The Region

The European Central Bank

Published December 1, 2001  |  December 2001 issue

The European Central Bank (ECB) together with the 15 individual central banks of the European Union countries constitute the European System of Central Banks. The ECB is headquartered in Frankfurt am Main, Germany, and is chartered as follows:

  • The Executive Board: consisting of the president, the vice president and four other members appointed by the head of state or government of the 12 countries of the euro area.

  • The Governing Council: comprising six members of the Executive Board and the 12 governors of the national central banks. The president chairs both the Executive Board and the Governing Council.

  • The General Council: including the president and the vice president of the ECB and all 15 governors of the European central banks.

The Evolution of the ECB and the Euro

1992—The Treaty on European Union is signed, establishing the framework for economic and monetary union (EMU) in Europe.

1994—Establishment of the European Monetary Institute (EMI) to strengthen central bank compatibility and monetary policy coordination to prepare for the establishment of the European System of Central Banks (ESCB).

1995—The European Council agrees on the name of the European currency: the euro.

1996—Selected designs of the euro banknotes to go into circulation Jan. 1, 2002, are presented by the EMI to the European Council and the public.

1997—The Stability and Growth Pact is adopted by the European Council to ensure budgetary discipline with respect to EMU.

1998—The 11 original participating countries fulfill the necessary conditions for the adoption of the single currency as of Jan. 1, 1999. Conversion criteria are low inflation, sound public finances, low interest rates and stable exchange rates, as well as the political independence of their national central banks. (Greece would join the Eurosystem in January 2001.)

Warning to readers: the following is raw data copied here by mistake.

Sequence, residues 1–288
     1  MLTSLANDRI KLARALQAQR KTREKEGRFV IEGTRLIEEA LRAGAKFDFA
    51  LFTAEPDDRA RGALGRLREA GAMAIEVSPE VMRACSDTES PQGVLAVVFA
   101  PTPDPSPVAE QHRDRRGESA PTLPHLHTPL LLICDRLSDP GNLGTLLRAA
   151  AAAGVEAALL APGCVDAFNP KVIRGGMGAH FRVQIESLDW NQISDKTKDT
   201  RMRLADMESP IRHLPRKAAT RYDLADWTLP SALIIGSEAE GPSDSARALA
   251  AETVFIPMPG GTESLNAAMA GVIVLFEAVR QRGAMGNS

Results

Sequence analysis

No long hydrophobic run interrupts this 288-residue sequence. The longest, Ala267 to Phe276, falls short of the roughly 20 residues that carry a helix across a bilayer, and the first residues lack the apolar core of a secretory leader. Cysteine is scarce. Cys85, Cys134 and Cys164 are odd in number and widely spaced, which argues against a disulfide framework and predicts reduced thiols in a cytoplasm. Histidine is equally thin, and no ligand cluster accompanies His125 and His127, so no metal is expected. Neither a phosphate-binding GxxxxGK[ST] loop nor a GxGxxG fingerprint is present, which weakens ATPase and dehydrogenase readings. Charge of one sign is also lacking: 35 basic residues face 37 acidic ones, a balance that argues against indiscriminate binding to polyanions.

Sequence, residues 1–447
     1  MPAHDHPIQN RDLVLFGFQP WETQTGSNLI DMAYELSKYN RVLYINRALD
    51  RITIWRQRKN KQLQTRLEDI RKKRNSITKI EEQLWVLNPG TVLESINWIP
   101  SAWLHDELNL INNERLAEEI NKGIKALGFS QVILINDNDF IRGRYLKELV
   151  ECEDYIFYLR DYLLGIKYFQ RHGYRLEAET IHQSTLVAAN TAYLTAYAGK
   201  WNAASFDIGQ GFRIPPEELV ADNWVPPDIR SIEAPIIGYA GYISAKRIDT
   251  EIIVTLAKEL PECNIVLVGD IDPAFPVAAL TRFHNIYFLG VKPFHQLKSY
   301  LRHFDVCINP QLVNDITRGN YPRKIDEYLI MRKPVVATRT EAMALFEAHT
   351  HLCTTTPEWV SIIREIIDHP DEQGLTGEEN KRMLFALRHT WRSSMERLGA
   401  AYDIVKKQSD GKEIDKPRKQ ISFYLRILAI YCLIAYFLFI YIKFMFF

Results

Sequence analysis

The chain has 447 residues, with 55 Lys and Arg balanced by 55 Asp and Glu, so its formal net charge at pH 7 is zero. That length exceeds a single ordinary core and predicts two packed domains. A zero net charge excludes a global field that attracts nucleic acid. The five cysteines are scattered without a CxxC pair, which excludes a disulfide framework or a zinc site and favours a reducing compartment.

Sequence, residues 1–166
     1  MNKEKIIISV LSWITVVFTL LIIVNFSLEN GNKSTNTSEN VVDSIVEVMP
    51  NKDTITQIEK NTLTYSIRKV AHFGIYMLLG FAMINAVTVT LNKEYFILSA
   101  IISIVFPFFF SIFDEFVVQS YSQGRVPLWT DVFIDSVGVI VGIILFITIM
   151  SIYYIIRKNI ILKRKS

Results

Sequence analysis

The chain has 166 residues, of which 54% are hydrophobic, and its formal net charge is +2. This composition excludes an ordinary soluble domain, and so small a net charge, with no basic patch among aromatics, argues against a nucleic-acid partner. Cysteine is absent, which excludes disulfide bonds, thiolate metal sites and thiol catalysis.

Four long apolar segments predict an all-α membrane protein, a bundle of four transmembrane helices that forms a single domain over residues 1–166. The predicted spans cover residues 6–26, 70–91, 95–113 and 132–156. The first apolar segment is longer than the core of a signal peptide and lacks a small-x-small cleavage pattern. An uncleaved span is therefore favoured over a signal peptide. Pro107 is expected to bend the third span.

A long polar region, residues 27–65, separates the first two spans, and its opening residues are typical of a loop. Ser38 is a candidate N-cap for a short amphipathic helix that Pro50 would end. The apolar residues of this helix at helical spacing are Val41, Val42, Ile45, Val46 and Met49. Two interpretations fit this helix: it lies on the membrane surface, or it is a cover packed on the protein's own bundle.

—The governments of the 11 countries appoint the president, vice president and other members of the Executive Board of the European Central Bank. This marks the establishment of the ECB and the dissolution of the EMI.

—All member countries fix their exchange rates and the conversion methods. The ECB and the national central banks of the participating member states constitute the Eurosystem.

1999—All restrictions on the movement of capital between member states are abolished.

—The euro becomes the official currency in the participating countries. All financial transactions are carried out in euro.

Jan. 1, 2002—The euro banknotes and coins circulate across all Euro-system members, and national currencies will no longer be tendered as of Feb. 28, 2002.

Fixed Exchange Rates of National Currencies* to the Euro, 1998
Country Currency 1 Euro =
Austria
Schilling
13.76
Belgium
Belgian Franc
40.34
Finland
Markka
5.95
France
French Franc
6.56
Germany
Mark
1.96
Greece
Drachma
340.75
Ireland
Punt
0.79
Italy
Lira
1936.27
Luxumbourg
Luxenbg. Franc
40.34
Netherlands
Guilder
2.20
Spain
Peseta
166.38
Portugal
Escudo
200.48

1 Euro= 89 U.S. cents (as of Oct. 25, 2001)

* Rounded to two decimal points.

Source: European Central Bank
(For more information on the European Central Bank, go to www.ecb.int/.)


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